A new standard procedure outlining how universities should investigate allegations of research misconduct has been issued by the UK Research Integrity Office (UKRIO).
But the procedure, which dictates that universities should use at least one external investigator, has been criticised by campaigners. One branded it a "Band-Aid on a cancer".
Amid calls in some quarters for an independent body with full investigatory powers, the UKRIO launched the procedure because it thinks universities should continue to have responsibility for investigating complaints about their staff.
The procedure says that universities dealing with allegations should appoint one or more people from outside to investigate a complaint - but only after the complaint has been "screened" by senior staff to decide whether it is sufficiently serious.
It will not be mandatory for universities to follow the procedure but the UKRIO, launched in 2006 to promote best practice and offer advice in the area, hoped it would be adopted as the standard.
"Its publication marks an important step in the promotion of good governance in research," Andy Stainthorpe, director of the UKRIO, said. He added that there was a lot of variation in how universities dealt with misconduct cases.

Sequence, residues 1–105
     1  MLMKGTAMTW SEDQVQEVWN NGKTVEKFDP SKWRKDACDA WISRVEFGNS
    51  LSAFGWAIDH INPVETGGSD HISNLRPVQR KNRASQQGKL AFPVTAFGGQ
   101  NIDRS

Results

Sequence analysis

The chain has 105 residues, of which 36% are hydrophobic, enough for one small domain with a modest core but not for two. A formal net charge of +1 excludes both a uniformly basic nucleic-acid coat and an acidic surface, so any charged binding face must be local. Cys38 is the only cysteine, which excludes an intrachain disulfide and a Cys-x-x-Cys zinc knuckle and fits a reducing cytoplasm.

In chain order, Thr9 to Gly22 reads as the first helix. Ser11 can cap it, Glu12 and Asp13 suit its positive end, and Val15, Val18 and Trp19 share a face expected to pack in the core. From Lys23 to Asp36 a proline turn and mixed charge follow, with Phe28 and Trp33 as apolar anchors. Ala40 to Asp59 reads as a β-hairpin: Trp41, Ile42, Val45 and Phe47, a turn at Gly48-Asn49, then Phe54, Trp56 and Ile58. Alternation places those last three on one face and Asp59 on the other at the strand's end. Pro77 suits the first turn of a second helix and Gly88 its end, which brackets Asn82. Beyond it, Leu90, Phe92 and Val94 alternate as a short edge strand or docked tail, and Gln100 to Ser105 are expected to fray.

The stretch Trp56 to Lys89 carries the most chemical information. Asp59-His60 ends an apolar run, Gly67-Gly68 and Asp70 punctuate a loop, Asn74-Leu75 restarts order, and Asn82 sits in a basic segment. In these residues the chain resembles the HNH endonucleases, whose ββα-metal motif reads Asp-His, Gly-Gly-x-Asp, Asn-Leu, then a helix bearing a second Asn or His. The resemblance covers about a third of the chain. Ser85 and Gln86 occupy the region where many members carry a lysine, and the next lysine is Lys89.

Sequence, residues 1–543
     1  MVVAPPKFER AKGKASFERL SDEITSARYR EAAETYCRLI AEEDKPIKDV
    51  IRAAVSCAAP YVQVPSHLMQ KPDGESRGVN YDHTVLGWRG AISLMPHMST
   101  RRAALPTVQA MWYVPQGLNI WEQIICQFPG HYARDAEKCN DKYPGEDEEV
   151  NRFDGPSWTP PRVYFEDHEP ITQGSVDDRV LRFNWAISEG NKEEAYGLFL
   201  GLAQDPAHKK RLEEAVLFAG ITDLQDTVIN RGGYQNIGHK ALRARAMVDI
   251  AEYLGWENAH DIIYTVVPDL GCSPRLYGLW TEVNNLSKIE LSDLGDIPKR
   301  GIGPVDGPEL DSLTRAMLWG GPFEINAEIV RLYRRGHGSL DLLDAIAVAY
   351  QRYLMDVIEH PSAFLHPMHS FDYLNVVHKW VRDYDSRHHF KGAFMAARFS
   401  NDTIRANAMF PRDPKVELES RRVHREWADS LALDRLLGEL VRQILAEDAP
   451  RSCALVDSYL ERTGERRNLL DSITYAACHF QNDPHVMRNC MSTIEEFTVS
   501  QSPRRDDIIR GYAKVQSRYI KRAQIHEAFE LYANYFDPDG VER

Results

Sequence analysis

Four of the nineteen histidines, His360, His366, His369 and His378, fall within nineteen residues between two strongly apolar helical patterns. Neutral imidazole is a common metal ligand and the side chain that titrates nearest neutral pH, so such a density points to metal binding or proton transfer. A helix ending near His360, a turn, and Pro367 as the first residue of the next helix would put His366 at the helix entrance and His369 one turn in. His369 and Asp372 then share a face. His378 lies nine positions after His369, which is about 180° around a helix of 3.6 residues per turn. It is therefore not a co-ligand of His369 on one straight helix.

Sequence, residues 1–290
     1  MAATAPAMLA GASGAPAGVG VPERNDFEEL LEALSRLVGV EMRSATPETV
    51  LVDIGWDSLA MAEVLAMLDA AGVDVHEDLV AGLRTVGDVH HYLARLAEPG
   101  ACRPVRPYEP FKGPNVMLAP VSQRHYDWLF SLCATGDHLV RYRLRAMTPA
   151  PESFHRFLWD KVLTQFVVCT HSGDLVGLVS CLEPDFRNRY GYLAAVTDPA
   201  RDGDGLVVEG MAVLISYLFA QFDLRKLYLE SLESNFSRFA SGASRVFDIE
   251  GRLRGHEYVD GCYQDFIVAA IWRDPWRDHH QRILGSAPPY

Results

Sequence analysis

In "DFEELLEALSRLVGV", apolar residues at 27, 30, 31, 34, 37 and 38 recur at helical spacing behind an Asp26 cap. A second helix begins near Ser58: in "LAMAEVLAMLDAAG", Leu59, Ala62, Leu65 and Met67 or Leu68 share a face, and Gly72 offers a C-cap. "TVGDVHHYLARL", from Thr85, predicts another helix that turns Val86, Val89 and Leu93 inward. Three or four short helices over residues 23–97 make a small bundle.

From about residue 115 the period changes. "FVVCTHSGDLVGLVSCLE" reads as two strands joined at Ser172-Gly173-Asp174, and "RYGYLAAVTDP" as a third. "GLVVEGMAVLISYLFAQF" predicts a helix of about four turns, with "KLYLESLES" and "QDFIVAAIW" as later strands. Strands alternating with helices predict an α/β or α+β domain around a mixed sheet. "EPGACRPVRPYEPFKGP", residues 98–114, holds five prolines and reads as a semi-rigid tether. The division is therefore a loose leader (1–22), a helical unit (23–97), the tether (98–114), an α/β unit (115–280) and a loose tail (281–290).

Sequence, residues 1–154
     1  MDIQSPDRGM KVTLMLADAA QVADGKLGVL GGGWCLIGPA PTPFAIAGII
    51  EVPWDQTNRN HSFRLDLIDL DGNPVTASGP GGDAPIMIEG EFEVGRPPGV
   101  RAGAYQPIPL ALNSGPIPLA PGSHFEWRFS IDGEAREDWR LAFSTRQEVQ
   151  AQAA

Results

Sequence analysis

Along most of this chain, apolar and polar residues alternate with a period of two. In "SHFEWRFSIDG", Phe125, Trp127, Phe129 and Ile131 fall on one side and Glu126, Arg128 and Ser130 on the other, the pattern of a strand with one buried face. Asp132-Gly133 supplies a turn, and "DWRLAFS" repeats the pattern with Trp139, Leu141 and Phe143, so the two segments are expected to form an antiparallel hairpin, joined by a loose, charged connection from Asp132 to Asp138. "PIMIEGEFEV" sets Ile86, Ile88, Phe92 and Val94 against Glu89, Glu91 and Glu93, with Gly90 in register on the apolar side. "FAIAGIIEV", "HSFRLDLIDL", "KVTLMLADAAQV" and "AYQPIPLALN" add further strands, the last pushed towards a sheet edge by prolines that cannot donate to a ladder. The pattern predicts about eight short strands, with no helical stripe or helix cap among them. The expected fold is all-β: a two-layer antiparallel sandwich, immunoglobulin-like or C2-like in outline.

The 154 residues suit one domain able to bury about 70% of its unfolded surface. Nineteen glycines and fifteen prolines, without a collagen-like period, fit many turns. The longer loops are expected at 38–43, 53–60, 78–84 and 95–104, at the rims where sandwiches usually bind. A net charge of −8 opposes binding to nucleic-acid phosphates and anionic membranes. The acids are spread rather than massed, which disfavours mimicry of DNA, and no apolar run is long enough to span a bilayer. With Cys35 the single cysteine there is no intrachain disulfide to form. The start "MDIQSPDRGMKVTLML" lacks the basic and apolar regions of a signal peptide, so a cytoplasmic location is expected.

Under the procedure, a "named person" from a university's senior staff would receive allegations. That person would carry out an initial investigation to determine whether the complaint was "mistaken, frivolous, vexatious and/or malicious".
If the allegation "cannot be entirely discounted" it would be referred to a screening panel of at least three senior staff members. If the panel determined that allegations were of "serious substance" and "sufficiently serious" there would be a formal investigation by a panel of "at least three" senior staff with a "requirement" that at least one be from outside the institution.
Harvey Marcovitch, chair of the Committee on Publication Ethics (Cope), said Cope would prefer a mandatory system for dealing with allegations, such as that used by the General Medical Council to investigate allegations against doctors.
Aubrey Blumsohn, a campaigner for greater openness in the investigation of misconduct, said: "It remains the case that one or more powerful individuals are doing the investigating and the balance of power remains heavily tilted towards those who wish to maintain institutional decorum at all costs. It seems to be an attempt to put something in place to placate critics but is more like a Band-Aid on a cancer."